The interpersonal bonhomie between the young actor(Smita) who has a heart of gold and the senior lady(Gita Sen) tending to her bed ridden husband within the once prosperous and now crumbling mansion where they are housed is another beautiful aspect of the connections forged here. The attention to details enlighten us about the human condition. Finally, it is the women who propel its soulful conclusion whether it is the emotional gravitas of the actress (Patil) canning shots as a villager being berated by her husband at the height of the famine for compromising with her morality to put food on the table or when she wistfully breaks down after losing her family members and being forced to leave her home along with countless others . The silent storm within those scenes, shot in the dead of night and quietude of the day respectively, will haunt us. Sreela Majumdar’s distant figure dissolving farther in the climax posits a wrenching soul capitulating at hands of an open ended fate.

AKALER SANDHANEY is topical and extremely necessary viewing, complemented by the background score by Salil Chaudhary, especially the dirge like theme for Sreela. It is beautifully resonant of these lives on the margin and their desperations.



A peepal tree in the evening silhouette as a struggling couple(SMITA PATIL and SADHU MEHER) approaches closer , the opening strains of ‘ SAPNA HUA SACH( the dream came true) sung by a group of wandering minstrels accompanying a religious procession;. the rising flood water in another village preceding the events that will eventually unfold , the people trapped behind a barred door; the mix of Bengali and Hindi in this landscape bordering neighbouring states Bihar and Bengal; then the stark natural deprivation and the irony of nature’s serenity opposed to a hand to mouth subsistence of millions.

These and many other images from DEBSHISHU (God’s child, 1985 ) have been lodged in the mind’s eye. Director UTPALENDU CHAKRABORTY, whose documentary MUSIC OF SATYAJIT RAY was another fact based work that I have seen, is attuned to the spiritual debts of an innocently naive populace so enmeshed in poverty and lack of opportunities that accommodating superstitious fiats remains the last resort. The DEBSHISHU of the title is actually the physically misshapen son of man and wife who was taken under the care of a priest years earlier (OM PURI) for fear of the couple’s persecution. Today, he is peddled as a God, a miracle of being and exploited by a whole money minting consortium feeding on the cult of age old myths.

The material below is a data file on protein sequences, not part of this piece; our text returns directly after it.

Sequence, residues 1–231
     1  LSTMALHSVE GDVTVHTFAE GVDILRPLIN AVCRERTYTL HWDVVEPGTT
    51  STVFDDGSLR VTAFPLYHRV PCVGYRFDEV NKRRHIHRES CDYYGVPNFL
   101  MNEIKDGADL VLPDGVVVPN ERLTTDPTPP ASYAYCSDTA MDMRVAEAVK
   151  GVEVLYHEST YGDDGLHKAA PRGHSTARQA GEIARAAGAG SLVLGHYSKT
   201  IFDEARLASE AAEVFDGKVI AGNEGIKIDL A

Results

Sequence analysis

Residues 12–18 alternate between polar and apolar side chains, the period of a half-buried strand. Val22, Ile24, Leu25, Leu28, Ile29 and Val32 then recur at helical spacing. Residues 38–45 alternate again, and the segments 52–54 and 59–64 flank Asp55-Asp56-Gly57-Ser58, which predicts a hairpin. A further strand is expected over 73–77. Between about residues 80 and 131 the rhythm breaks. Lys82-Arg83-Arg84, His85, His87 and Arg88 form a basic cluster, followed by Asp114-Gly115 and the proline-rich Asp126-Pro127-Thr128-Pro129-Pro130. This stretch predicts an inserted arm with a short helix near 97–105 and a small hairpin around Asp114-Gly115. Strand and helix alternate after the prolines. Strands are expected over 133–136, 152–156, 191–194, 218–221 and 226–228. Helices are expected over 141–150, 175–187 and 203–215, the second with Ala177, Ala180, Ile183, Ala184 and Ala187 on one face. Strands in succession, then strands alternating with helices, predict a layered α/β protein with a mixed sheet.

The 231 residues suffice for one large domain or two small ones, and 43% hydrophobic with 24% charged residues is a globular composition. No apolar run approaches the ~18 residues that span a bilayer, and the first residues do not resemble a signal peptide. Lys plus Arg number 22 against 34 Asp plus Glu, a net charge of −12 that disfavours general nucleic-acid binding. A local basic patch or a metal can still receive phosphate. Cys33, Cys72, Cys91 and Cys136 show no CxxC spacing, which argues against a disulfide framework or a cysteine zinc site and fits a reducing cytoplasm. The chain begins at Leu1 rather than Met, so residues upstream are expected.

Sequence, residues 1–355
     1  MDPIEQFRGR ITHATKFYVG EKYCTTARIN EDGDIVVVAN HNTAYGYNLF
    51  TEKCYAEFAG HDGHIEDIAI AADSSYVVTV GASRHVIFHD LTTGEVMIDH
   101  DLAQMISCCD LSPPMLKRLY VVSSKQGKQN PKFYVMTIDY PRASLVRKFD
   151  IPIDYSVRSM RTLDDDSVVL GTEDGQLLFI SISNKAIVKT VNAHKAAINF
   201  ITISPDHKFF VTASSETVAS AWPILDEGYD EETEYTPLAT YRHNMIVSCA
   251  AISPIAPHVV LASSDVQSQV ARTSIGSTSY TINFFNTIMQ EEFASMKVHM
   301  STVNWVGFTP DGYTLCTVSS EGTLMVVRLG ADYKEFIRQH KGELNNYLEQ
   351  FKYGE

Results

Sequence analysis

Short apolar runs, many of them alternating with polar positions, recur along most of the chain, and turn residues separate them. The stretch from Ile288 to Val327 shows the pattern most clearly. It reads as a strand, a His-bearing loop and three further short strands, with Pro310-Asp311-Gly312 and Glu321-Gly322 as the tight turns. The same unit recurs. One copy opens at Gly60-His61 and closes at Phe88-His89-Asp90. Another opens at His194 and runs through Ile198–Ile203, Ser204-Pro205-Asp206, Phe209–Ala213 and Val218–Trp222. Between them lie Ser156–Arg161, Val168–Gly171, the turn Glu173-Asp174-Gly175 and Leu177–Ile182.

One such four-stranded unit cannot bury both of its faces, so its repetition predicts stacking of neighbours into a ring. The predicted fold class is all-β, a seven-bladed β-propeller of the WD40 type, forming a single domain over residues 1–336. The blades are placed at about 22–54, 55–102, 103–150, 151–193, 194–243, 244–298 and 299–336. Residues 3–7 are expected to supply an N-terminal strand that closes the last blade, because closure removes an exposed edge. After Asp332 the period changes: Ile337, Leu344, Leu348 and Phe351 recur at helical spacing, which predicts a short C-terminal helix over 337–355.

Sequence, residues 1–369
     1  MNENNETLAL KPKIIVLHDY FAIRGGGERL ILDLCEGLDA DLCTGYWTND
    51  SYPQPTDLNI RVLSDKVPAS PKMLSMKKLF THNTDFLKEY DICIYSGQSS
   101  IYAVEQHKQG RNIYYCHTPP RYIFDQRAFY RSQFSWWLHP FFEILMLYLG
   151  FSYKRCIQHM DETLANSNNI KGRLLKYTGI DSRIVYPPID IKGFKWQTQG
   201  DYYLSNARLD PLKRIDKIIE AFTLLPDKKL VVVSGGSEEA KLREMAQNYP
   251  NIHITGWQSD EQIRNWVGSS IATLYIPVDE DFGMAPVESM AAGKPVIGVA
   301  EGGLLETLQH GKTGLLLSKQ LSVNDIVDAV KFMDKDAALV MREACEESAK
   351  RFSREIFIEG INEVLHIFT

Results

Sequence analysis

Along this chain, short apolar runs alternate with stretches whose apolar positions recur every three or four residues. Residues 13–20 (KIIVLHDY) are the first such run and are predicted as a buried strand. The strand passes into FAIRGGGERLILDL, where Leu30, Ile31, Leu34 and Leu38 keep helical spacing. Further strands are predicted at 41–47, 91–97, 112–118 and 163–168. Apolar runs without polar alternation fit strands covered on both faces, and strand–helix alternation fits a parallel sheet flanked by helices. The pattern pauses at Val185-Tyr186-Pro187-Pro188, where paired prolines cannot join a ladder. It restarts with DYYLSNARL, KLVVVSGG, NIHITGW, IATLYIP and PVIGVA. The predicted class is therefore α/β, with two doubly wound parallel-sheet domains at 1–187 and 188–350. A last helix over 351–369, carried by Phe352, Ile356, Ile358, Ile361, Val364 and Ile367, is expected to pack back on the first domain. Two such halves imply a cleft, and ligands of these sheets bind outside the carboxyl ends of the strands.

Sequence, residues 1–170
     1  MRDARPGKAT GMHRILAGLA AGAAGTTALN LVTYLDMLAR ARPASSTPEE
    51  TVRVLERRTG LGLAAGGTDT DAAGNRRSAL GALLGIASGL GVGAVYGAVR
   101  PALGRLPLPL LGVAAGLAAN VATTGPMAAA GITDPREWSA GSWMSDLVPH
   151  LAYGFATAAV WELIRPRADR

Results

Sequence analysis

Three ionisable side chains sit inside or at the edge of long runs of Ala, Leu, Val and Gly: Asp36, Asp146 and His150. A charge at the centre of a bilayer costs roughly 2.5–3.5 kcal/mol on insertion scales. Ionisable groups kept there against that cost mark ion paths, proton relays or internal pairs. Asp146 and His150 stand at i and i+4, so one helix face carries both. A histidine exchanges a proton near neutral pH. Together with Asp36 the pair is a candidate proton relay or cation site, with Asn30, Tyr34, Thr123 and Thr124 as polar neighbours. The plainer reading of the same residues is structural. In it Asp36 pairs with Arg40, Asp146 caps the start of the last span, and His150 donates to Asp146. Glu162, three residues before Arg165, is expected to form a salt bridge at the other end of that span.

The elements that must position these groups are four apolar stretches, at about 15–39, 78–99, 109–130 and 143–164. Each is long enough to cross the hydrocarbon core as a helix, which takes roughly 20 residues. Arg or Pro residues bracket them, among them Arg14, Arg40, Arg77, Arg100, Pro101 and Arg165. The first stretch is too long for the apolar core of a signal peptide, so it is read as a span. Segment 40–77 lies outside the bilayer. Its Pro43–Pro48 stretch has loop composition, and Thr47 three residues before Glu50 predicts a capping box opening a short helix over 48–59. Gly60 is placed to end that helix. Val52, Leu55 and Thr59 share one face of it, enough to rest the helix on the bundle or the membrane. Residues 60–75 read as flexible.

The fight for regaining their son, their inner unraveling as in a tense scene where the man almost gives in to his impulses and the woman’s banter with her haughty, well off sister in law ( the great Rohini Hattangadi) who ridicules her for her economic stature as much as her emaciated physical health all packs in realism and the concluding shot of the dream in which the mother (Patil) assumes the avatar of an avenging Goddess Kali, then her body against barbed wires at the break of dawn as she recovers from the subconscious vision is compelling, thought provoking and evocative of a million lives.

DEBSHISHU was made in Hindi and it is rarely found online so buy its DVD and stream it on AMAZON PRIME where I watched it a year ago. This is essential viewing, espousing the sheer commitment of the late great Patil and of an era where filmmaking stood for a larger purpose than mere entertainment.


NOTE : with this, I conclude this part. In the next part on Bengali cinema, PARAMA, ARANYER DIN RATRI and JALSAGHAR will be discussed. So read this one and share your thoughts.